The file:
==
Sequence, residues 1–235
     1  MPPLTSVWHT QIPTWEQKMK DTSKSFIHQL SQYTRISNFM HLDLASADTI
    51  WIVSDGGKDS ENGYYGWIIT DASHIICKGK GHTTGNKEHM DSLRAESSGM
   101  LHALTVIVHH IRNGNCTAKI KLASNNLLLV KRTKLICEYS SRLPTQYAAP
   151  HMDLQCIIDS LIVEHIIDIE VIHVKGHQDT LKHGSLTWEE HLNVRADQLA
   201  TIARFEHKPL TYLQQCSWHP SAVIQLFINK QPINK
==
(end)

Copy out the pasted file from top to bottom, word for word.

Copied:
Sequence, residues 1–235
     1  MPPLTSVWHT QIPTWEQKMK DTSKSFIHQL SQYTRISNFM HLDLASADTI
    51  WIVSDGGKDS ENGYYGWIIT DASHIICKGK GHTTGNKEHM DSLRAESSGM
   101  LHALTVIVHH IRNGNCTAKI KLASNNLLLV KRTKLICEYS SRLPTQYAAP
   151  HMDLQCIIDS LIVEHIIDIE VIHVKGHQDT LKHGSLTWEE HLNVRADQLA
   201  TIARFEHKPL TYLQQCSWHP SAVIQLFINK QPINK